During the three days' battle the 3rd Battery assisted in the preparatory bombardments, and lent valuable supporting fire to the infantry on its front. The battery fired a total of 420 rounds during these three days—more than half of them on the first day of the attack. A few Turkish shells fell round the position on the 7th; but the pits gave some shelter, and a trench dug in rear of the Battery afforded cover for personnel when not engaged on the guns. On the day following the conclusion of the attack, a new position was chosen for the Battery on the cliff-edge overlooking the western shore of the Peninsula, the guns covering the extreme left of the line. This position was occupied by the evening of May 10th, and there the guns remained until their departure for Anzac in the middle of August. The wagon lines remained in the position they had first occupied near the landing beach. All ranks worked very hard to improve the gun and ammunition pits and to create as much shelter as possible from the flying shrapnel. The guns were connected by trenches, deep and narrow, and dug-outs were cut on the face of the cliff overlooking the blue and sparkling waters of the Ægean Sea. A sheltered track ran along the cliff-side from the Battery to the Observing Station, situated some five hundred yards forward of the guns. The position was overlooked by the enemy, but the gun emplacements were concealed by scrub, which was always kept freshly cut, and in the hot weather the dust was kept down by sprinkling sea water in front of the pits. All the trenches and communication ways on the front covered by the Battery were carefully registered, as well as enemy redoubts and salient points along the front. These targets afforded good shooting within the limits imposed by the ammunition supply, but it was a matter of more difficulty to locate and successfully engage the Turkish machineguns, which were invariably cleverly concealed, and the field batteries, which, as at Anzac, certainly had all the advantages of position.

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Except on the occasions when the guns were called on to provide covering fire for some local operation, or assist the infantry against a counter-attack, the daily expenditure of ammunition was small; often it was insignificant, and there were days when the guns did not fire at all. A supply of ammunition had always to be carefully accumulated for a pending operation, and if stocks were depleted by any sudden call or emergency a lean period must follow until a reserve had been once more established. Over two hundred rounds were fired on the evening of May 12th in supporting a successful surprise attack by a party of Ghurkas, who scaled the cliffs on the extreme left and carried the formidable work known as "Ghurka Bluff," situated to the north-east of Y. Beach. By this operation the left flank, which a succession of costly efforts had been unable to advance, was moved forward nearly 500 yards.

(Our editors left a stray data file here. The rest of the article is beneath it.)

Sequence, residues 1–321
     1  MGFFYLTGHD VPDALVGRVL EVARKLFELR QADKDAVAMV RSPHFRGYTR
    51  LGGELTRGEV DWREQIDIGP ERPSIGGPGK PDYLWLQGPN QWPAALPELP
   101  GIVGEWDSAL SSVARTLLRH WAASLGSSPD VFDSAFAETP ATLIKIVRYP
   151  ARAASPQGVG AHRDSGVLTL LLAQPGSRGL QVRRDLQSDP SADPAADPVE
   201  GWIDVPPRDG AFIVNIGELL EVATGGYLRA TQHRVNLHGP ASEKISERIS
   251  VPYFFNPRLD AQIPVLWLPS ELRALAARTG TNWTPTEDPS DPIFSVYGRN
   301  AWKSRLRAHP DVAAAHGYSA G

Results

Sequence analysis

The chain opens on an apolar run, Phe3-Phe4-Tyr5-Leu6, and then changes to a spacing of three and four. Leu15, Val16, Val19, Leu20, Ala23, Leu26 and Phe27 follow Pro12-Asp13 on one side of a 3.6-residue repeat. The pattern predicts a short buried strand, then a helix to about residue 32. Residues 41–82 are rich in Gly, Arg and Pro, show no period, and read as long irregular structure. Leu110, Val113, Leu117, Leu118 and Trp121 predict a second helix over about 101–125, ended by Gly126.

In the big battle of June 4th the Battery fired just under a thousand rounds, a record at that time for one day's shooting or for any single operation. A considerable reserve of ammunition had been built up, and the attack was preceded by a more thorough and careful bombardment than had yet been possible. As on previous occasions, the British 8th Corps, consisting of the remains of the 29th Division, with the Indian Infantry Brigade, the 42nd Division, and the Royal Naval Division, in that order from left to right, held the left and centre of the line, while the two Divisions of the French Corps Expeditionaire held the right. The French, who were relatively stronger in artillery than the British Divisions, and were better supplied with ammunition, lent the British two groups of their 75's for use in the attack. The guns of the fleet with such heavy guns as the Force had on shore, opened a deliberate bombardment at 8 a.m., and continued until 10.30 a.m. At 11 a.m. the bombardment recommenced, and continued until 11.20, when a feint attack drew heavy fire from the enemy's guns. At 11.30 a.m. the bombardment became general, guns of all calibres joining in, and firing with great intensity until 12 noon, when the guns lengthened their range, and protected by their "barrage," the infantry advanced in earnest.

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Lieut.-Colonel F. B. Sykes, D.S.O., (d), R.A.

Lieut.-Colonel F. B. Sykes, D.S.O., (d), R.A.